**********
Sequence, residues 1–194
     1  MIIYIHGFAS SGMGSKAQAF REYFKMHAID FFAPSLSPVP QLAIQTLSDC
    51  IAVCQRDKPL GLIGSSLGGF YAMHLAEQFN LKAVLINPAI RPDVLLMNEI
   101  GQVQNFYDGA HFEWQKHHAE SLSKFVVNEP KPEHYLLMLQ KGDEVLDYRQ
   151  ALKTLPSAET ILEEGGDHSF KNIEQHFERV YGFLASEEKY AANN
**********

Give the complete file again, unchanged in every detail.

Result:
Sequence, residues 1–194
     1  MIIYIHGFAS SGMGSKAQAF REYFKMHAID FFAPSLSPVP QLAIQTLSDC
    51  IAVCQRDKPL GLIGSSLGGF YAMHLAEQFN LKAVLINPAI RPDVLLMNEI
   101  GQVQNFYDGA HFEWQKHHAE SLSKFVVNEP KPEHYLLMLQ KGDEVLDYRQ
   151  ALKTLPSAET ILEEGGDHSF KNIEQHFERV YGFLASEEKY AANN